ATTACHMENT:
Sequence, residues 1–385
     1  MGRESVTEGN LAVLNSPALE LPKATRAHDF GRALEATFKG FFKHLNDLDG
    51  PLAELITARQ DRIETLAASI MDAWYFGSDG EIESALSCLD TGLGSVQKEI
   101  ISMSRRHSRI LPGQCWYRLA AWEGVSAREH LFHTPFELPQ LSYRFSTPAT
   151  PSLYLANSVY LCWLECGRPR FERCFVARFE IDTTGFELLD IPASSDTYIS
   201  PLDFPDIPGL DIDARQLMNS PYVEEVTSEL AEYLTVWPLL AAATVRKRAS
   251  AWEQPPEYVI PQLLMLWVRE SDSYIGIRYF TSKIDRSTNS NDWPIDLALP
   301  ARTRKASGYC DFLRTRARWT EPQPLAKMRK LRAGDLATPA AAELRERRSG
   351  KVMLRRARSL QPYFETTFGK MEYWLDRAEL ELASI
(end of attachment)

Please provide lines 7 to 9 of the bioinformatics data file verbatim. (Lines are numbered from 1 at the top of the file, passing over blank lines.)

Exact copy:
   251  AWEQPPEYVI PQLLMLWVRE SDSYIGIRYF TSKIDRSTNS NDWPIDLALP
   301  ARTRKASGYC DFLRTRARWT EPQPLAKMRK LRAGDLATPA AAELRERRSG
   351  KVMLRRARSL QPYFETTFGK MEYWLDRAEL ELASI